Cultural Transmission in Mexican American Families: Considering Youth's Active Role in their Cultural Development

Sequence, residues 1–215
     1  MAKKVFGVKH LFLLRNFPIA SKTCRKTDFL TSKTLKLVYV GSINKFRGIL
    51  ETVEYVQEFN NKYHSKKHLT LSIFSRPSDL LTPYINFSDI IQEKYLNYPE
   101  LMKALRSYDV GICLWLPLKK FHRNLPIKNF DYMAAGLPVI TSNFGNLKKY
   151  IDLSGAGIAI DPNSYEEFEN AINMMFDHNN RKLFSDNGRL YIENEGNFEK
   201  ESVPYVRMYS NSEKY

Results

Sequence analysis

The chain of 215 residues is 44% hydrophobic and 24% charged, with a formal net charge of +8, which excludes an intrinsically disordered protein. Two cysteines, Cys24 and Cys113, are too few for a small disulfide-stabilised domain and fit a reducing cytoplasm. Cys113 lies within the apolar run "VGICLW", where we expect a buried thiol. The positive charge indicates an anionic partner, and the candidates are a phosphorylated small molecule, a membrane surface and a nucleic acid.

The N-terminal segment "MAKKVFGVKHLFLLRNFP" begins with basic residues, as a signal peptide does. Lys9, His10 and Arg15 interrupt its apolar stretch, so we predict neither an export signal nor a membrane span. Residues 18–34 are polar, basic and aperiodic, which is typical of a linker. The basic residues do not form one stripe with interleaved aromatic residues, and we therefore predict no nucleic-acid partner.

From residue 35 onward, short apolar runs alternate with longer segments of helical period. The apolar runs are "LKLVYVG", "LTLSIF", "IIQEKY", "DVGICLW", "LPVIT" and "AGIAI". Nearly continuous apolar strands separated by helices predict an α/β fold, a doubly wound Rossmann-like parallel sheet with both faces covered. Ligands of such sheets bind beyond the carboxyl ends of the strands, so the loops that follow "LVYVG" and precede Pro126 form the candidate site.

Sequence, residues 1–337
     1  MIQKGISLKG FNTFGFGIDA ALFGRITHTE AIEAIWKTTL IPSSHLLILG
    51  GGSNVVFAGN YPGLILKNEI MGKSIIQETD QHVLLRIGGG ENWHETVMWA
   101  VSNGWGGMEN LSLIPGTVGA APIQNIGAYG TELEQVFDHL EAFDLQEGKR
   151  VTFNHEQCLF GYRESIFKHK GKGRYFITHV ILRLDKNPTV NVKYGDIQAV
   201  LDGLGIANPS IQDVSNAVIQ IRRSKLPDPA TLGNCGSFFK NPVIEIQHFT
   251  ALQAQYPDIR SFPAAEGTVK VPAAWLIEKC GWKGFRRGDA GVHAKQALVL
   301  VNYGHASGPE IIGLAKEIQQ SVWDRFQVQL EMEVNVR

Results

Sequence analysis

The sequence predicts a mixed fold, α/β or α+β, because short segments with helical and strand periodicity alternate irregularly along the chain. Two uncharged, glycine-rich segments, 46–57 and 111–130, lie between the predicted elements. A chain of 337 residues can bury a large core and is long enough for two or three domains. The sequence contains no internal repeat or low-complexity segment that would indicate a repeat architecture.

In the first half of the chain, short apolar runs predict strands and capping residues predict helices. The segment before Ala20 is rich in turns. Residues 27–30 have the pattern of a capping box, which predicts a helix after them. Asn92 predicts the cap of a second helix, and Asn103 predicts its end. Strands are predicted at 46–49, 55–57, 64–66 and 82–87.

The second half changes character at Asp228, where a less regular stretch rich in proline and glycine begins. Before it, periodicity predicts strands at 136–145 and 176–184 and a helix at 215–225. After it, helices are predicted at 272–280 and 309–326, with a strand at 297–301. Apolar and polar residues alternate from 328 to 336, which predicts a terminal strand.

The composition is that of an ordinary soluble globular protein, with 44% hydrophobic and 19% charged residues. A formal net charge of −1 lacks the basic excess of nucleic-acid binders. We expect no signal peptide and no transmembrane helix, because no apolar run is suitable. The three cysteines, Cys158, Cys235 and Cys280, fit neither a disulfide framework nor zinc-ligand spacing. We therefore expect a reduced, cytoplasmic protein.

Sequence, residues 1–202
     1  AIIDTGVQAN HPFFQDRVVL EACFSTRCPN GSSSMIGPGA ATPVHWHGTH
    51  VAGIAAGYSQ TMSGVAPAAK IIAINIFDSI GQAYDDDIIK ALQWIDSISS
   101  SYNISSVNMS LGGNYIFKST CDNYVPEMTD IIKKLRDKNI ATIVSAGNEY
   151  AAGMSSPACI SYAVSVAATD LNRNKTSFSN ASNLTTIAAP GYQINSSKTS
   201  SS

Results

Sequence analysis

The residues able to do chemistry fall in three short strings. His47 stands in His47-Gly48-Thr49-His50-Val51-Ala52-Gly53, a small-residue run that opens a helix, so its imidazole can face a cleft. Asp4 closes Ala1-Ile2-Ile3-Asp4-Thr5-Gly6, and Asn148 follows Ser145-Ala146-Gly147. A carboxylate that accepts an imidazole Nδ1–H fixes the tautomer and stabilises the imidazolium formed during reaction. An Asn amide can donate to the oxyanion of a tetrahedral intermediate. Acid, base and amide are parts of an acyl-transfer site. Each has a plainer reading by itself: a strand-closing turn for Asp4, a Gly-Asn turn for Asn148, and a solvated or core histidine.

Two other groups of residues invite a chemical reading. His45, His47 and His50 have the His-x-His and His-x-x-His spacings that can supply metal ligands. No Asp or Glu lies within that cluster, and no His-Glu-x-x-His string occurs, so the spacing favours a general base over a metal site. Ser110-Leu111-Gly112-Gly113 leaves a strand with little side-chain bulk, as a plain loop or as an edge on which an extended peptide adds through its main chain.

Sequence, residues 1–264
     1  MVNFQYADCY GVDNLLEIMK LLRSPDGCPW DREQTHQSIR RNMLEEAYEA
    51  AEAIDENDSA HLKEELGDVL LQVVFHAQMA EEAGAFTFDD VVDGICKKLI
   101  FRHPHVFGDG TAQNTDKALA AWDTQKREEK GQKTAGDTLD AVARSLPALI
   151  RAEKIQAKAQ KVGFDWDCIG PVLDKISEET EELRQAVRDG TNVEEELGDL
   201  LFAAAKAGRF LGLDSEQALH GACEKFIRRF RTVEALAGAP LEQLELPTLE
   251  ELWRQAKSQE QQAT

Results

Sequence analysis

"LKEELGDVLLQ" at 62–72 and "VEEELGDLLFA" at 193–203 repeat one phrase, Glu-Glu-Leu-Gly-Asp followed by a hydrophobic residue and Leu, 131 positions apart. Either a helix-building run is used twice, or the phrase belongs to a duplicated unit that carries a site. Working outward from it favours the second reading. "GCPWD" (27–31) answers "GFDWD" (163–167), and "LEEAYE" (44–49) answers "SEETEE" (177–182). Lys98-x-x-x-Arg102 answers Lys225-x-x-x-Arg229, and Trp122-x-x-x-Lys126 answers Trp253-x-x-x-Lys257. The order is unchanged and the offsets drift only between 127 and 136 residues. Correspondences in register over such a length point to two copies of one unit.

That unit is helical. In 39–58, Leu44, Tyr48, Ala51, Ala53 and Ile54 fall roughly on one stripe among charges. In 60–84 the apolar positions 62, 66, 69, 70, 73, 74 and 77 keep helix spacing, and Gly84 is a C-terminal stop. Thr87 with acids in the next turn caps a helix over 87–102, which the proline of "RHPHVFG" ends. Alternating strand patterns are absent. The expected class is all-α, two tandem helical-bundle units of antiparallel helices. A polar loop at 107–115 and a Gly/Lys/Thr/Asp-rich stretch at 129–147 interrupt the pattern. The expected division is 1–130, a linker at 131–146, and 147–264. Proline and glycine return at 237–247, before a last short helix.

The adaptation and integration of the mainstream and ethnic culture are important processes to understand as they have been associated with immigrant and minority youth's adjustment and family dynamics. However, few studies focusing on youth's cultural experiences have explored youth's active role in their own cultural development, and even less have explored youth's role in influencing parents' cultural development. In the current dissertation, two studies addressed these issues by using a within-family longitudinal design to explore 246 Mexican American youth's role in their own and their families' cultural development. The first study examined the reciprocal associations in parents' and two offspring's cultural values to examine developmental differences in parent-youth socialization processes. Overall, the importance of mothers' values was highlighted as a significant predictor of increases in youths' values, five years later. In addition, Study 1 highlighted situations where youth play an active role in their parents' cultural development as youths' lower endorsement of respect for elders values was associated with increases in fathers' value endorsement, five years later. The second study explored the associations between youth's imitation and de-identification from parents and parent-youth incongruence in Mexican and Anglo cultural orientations. Youths' active role in their cultural development was underscored, as youths' reports of de-identifying from parents were linked to more incongruence in parent-youth Anglo orientations. Further, important family characteristics (i.e., parent-youth warmth and demographic similarities) were shown to predict youths' more imitation and less de-identification from parents.